The immensity of tomorrow's game in Austin is worth a few words. TCU isn't playing Texas for just a win-- that could be done with less fanfare against almost any other program in the nation. The Frogs have not circled this came on their schedule so that they could bask in the national spotlight, or re-live the glory days of the Southwest Conference.
What's possible tomorrow is both the closing of the door to a painful adolescence, and the re-opening the path to a forgotten throne. When football was young, the Frogs reigned, and purple-clad legends named Baugh, O'Brien, Aldrich, Matthews, Swink and Lilly ruled. Fort Worth's dynasty was toppled by the Longhorns in the '60s, however, and by the time the Southwest Conference dissolved, TCU was accustomed to penury.
The Frogs were ignominiously born again, as it were, in that dissolution. Being orphaned by the state's politically powerful programs in the '90s, TCU grew, and has become surprisingly strong. But, like a fatherless young man who suddenly meets his deadbeat dad only to discover that he is an heir in the kingdom, the Horned Frogs have a chance Saturday to throw off their childhood demons, and live independently, among their grandfather's peers. And all the king's men are watching to see if he will do just that.
This is a tremulous moment-- it can be a coming-of-age for the ages. The whole world is watching, so to speak, for the first time. Some of them paid brief attention when TCU beat a weakened aristocrat in the 1998 Sun Bowl. More still cocked an eye toward Fort Worth's little private school when the Frogs took a 10-game winning streak to Hattiesburg in 2003. After that game they smiled like a parent who dusts off a lost child who's scraped his knee, and sends him home where he belongs-- to the other side of the tracks. More still took a double take, and said politically correct things when the Horny Toads waylaid Oklahoma, a reigning aristocrat on a usurped throne, in 2005-- in Norman, no less. But when the Frogs were destracted by the glad words, and toppled by another scrabbling SWC orphan, the watching world turned away again.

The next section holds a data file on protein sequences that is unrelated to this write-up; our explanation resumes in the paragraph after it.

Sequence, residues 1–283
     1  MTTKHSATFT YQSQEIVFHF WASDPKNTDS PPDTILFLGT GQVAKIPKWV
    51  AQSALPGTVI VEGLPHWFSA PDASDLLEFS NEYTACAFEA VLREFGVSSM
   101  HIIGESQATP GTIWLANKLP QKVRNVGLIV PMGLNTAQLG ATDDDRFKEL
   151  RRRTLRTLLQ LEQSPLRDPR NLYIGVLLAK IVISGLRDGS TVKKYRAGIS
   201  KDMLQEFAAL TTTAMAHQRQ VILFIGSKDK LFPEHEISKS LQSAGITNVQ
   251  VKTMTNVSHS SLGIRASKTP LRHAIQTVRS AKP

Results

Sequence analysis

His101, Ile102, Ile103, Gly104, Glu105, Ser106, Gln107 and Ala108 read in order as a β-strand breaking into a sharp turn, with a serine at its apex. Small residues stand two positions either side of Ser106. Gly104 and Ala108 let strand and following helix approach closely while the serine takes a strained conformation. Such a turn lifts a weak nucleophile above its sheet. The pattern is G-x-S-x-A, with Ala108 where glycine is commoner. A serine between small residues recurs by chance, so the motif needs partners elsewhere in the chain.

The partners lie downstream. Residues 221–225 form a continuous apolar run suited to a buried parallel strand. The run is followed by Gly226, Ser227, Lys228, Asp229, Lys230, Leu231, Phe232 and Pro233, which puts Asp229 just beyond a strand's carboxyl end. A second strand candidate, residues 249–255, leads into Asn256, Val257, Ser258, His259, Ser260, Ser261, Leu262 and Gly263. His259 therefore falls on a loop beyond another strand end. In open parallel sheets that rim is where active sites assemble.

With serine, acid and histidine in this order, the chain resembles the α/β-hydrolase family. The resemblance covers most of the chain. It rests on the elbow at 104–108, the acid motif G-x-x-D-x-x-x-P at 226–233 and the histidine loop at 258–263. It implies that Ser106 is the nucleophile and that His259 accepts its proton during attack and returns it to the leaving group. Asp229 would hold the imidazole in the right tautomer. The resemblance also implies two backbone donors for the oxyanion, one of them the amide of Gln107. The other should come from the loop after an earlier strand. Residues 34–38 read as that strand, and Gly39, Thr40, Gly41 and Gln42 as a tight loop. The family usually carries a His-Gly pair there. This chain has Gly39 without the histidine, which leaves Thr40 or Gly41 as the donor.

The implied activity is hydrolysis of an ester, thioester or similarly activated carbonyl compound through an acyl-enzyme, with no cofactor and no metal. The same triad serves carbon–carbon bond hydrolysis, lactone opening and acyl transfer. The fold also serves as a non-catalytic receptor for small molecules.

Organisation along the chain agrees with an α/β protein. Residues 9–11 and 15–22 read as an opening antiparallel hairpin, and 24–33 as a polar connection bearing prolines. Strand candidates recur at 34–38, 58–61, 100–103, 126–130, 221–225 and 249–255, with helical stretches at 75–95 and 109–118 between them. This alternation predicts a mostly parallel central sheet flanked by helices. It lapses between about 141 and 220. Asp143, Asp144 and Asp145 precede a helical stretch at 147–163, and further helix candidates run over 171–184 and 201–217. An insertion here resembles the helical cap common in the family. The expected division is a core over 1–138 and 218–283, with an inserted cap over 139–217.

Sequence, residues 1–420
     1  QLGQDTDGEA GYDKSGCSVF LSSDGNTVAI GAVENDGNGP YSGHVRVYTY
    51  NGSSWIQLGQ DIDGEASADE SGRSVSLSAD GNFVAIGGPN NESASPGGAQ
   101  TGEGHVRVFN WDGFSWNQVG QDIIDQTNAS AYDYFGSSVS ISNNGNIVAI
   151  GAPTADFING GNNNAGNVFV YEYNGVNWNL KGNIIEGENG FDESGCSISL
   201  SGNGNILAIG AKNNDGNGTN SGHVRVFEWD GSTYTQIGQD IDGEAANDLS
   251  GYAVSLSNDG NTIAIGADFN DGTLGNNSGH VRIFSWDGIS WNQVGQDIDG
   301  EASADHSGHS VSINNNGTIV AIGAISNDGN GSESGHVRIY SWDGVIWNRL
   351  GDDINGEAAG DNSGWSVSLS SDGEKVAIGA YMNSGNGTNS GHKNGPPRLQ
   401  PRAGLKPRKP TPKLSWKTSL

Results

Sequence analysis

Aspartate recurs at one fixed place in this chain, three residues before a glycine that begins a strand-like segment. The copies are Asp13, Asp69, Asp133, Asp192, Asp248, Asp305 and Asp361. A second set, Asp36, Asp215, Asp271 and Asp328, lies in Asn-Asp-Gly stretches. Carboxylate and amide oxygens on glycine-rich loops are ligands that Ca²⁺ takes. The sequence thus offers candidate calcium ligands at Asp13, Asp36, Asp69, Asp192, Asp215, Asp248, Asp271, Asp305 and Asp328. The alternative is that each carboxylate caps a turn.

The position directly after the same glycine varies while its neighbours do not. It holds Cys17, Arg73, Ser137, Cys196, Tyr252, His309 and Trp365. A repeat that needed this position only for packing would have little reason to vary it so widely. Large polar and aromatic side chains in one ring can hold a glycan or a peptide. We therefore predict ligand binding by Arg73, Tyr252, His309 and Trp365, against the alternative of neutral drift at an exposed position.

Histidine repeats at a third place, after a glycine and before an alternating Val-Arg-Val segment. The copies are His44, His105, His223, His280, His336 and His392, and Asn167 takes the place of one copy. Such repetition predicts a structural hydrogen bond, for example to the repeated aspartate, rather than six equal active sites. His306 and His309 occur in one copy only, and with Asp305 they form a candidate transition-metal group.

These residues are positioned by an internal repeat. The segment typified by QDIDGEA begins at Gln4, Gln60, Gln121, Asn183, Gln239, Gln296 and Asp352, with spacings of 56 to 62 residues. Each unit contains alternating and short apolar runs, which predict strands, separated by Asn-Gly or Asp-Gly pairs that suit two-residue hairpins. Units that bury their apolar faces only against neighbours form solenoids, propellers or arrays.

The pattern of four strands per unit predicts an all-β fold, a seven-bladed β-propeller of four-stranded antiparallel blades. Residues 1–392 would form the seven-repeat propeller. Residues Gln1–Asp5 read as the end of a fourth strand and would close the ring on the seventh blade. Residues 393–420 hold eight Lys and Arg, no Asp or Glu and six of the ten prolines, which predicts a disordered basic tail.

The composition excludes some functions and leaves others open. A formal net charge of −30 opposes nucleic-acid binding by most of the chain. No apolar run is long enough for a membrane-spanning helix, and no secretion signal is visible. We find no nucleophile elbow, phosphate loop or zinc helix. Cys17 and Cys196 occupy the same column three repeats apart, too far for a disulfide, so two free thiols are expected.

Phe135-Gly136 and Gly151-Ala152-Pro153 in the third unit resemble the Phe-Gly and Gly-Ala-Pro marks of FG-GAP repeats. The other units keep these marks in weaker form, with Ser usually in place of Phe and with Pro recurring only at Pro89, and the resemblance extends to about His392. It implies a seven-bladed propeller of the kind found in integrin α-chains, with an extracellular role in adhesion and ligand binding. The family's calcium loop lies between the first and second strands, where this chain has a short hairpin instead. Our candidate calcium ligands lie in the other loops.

But that world was not the same. The comfortable confines on the rich side of the tracks seemed less safe, when a TCU or a Boise State could raid with so much success among them. Next fell Texas Tech in Fort Worth, and the chattering class began to hedge their bets whenever the Frogs were on the table.
And so tomorrow, amid a torrent of carefully hedged publicity, TCU goes to battle another of college football's ruling elite- the same princely program that ousted the Frogs from their own throne generations ago. It should not surprise us that TCU has everybody's attention now. Their foe is their own grandfather's foe, figuratively speaking; the modern doyen of Texas Football, the Frogs' own crowned brother who watched with secret glee as the Frogs withered, and when finally TCU was powerless to resist, ousted them from the kingdom altogether. Since then UT has crowned itself "State Champions" when it won less games than TCU; it has received the BCS Championship Trophy with the fallacious commendation, "On behalf of the eleven BCS conferences..."; it has countenanced-- nay, spawned-- the outrageous condenscension of TCU's privileged twin in Waco; in sum, UT-- the Frogs' own brother-- has declared the Horned Frogs bastards: illegitimate, irrelevant, underprivileged, ostracized.
And tomorrow, Texas must defend its house.
From forgotten ashes in Fort Worth have risen the heirs to the house that Baugh built. The Lone Star State's very center of gravity is unsettled anew, and the reigning gods of the state cannot find comfort in their Austin tower. Their dirty deeds are shouted from the rooftops by the very syccophants who cheered them: Thy Brother Lives, and Hath Returned!
Indeed, the true giants of Texas's football history will not be forgotten, and in the awesome shadow of their descendants does all of Texas shake.